James Raymond Vreeland and Axel Dreher (eds.): The political economy of the United Nations Security Council: money and influence
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Does money buy political support? This question is common in general discourse about domestic policy matters. Political conservatives accuse progressives of being beholden to labor unions while political progressives complain that big business sways conservatives. While the scholarly literature disagrees about the effect money has in influencing political outcomes, the rent seeking literature shows that money can be traded for political support. This type of trading, however, does not have to be confined to interest groups and politicians in a domestic policy setting. Trades can also occur between different countries who have different needs or preferences. The politics of the United Nations provides a perfect setting for this type of behavior.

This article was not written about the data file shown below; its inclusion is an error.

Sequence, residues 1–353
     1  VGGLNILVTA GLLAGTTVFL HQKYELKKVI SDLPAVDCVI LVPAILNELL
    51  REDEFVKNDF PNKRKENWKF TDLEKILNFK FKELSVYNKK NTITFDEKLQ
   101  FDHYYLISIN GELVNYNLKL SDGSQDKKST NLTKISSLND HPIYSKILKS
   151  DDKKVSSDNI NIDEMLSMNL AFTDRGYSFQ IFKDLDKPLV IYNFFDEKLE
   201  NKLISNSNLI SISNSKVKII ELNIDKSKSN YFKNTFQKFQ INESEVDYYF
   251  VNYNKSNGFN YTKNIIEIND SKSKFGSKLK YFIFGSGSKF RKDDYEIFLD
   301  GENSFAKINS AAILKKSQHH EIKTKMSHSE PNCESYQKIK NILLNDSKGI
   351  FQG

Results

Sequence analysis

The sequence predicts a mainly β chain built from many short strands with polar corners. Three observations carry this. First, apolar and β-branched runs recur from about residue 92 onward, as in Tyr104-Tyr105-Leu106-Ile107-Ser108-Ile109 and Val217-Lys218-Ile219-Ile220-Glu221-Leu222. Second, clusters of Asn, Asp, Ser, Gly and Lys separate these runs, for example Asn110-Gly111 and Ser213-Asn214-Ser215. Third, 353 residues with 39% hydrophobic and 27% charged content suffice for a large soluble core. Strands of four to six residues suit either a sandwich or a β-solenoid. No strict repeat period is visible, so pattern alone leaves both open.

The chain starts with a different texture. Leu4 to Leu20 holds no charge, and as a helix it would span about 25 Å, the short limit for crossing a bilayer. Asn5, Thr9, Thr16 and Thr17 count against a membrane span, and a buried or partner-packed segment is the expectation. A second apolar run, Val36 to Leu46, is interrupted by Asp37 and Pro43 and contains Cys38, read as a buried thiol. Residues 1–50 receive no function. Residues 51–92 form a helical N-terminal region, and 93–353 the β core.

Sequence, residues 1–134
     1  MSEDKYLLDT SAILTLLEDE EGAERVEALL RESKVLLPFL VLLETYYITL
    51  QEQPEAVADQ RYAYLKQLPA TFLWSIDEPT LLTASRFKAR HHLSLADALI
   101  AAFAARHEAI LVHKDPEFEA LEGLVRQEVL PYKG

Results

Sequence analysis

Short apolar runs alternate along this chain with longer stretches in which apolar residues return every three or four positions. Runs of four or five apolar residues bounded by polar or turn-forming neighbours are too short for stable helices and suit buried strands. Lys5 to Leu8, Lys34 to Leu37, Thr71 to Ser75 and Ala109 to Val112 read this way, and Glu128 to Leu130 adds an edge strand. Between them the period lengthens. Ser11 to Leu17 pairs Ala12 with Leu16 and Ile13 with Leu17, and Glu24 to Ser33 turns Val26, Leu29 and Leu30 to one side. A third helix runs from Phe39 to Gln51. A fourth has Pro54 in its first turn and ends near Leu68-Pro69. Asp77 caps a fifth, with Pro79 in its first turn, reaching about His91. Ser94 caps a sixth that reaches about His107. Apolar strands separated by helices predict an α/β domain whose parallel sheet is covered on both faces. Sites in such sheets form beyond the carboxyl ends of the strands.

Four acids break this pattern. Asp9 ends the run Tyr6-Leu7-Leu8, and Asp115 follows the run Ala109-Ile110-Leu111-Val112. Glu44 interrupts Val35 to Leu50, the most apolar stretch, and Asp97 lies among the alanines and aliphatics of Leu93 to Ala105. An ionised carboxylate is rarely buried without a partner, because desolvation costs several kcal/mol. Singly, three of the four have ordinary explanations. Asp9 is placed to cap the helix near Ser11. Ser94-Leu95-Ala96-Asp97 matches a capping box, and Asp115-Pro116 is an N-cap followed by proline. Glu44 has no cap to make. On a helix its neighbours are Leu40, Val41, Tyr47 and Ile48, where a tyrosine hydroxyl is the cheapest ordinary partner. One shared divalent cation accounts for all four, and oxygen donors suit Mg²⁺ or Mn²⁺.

In The Political Economy of the United Nations Security CouncilJames Vreeland and Axel Dreher examine whether there are financial perks to serving on the United Nations Security Council (UNSC). The authors find that certain key countries,...